Euclidean dimension of the embedding's range space (or, equivalently, the VC
dimension of the space of hyper-planes), the margins obtained by a hypothesis
half-space (w.r.t. the image of the training data under the embedding), and the
sparsity of the hypothesis hyper-plane. The following question emerges as
fundamental to our evaluation of the SVM approach:

*Can
any of these three parameters provide an a priori guarantee on the
generalization quality of a learning algorithm? That is, assuming the sample
generating distribution is close to a function in some restricted class of
domain dichotomies, does there exist a kernel embedding that is guaranteed to
give rise to a useful value of any of the above three parameters?*

A significant progress in
this direction was recently obtained in
(Ben-David,
Eiron, Simon '01). It is shown there that most of the finite concept
classes of any fixed VC-dimension cannot be embedded into classes of Euclidean
half-spaces unless the resulting margins are very small and the Euclidean
dimension of the half-spaces is very large. These results imply that the known
generalization bounds that are based on either VC-dimension or margins cannot provide
a priori generalization guarantees for kernel based learning (even for classes
on which, without embedding them into half-spaces, empirical risk minimization
does enjoy such guarantees).

Scale Sensitive Dimension and Statistical Generalization

In typical learning
problems, the learner is presented with a finite sample of data generated by an
unknown source and has to find, within a given class, the model yielding best
predictions on future data generated by the same source. In a realistic scenario,
the information provided by the sample is incomplete, and therefore the learner
might settle for approximating the actual best model in the class within some
given accuracy. If the data source is probabilistic and the hypothesis class
consists of functions, a sample size sufficient for a given accuracy has been
shown to be dependent on different combinatorial notions of
"dimension," each measuring, in a certain sense, the complexity of
the learner's hypothesis class.

Whenever the learner is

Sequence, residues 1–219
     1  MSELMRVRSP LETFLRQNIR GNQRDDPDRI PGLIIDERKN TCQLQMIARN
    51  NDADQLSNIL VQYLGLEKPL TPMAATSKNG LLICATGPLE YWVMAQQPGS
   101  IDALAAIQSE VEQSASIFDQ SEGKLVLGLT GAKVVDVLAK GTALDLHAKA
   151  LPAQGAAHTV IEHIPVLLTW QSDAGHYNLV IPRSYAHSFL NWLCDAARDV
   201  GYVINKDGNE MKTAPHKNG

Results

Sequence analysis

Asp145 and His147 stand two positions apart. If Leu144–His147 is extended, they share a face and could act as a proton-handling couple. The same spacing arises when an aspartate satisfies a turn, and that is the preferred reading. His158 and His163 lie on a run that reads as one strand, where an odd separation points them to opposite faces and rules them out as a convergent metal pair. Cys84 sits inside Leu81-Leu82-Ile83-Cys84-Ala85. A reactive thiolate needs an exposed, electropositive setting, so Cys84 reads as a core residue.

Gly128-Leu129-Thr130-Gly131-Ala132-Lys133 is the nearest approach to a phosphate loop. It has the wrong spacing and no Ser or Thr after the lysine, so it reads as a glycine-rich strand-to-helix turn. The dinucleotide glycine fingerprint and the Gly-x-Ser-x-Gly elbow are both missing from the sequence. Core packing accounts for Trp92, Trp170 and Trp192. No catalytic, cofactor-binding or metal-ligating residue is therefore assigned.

allowed a low degree of accuracy, the complexity of the hypothesis class might
be measured on a coarse "scale" since, in this case, we do not need
the full power of the entire set of models. This position can be related to
Rissanen's MDL principle (Ris78), Vapnik's structural minimization method
(Vap82), and Guyon et al.'s notion of effective dimension (GVBBS91).
Intuitively, the "dimension" of a class of functions decreases as the
coarseness of the scale at which it is measured increases. Thus, by measuring
the complexity at the right "scale" (i.e., proportional to the
accuracy) the sample size sufficient for finding the best model within the
given accuracy might dramatically shrink. The results described below show that
the accuracy parameter plays a crucial role in determining the effective
complexity of the learner's hypothesis class.

Learnability in Valiant's
PAC learning model has been shown to be strongly related to the existence of
uniform laws of large numbers. These laws define a distribution-free convergence
property of means to expectations uniformly over classes of random variables.
Classes of real-valued functions enjoying such a property are also known as
uniform Glivenko-Cantelli classes. In Alon, Ben-David,
Cesa-Bianchi, Haussler '97 we prove, through a generalization of Sauer's
lemma that may be interesting in its own right, a new characterization of
uniform Glivenko-Cantelli classes. Our characterization yields Dudley, Giné,
and Zinn's previous characterization as a corollary. Furthermore, it is the
first characterization that is based on a simple combinatorial quantity
generalizing the Vapnik-Chervonenkis dimension. We apply this result to obtain
the weakest combinatorial condition known to imply PAC learnability in the
statistical regression (or "agnostic") framework.

These results have become a
key mathematical tool in the development of *margin based generalization
bounds* for a variety of central learning approaches such as Boosting, Neural
Nets and Support Vector Machines.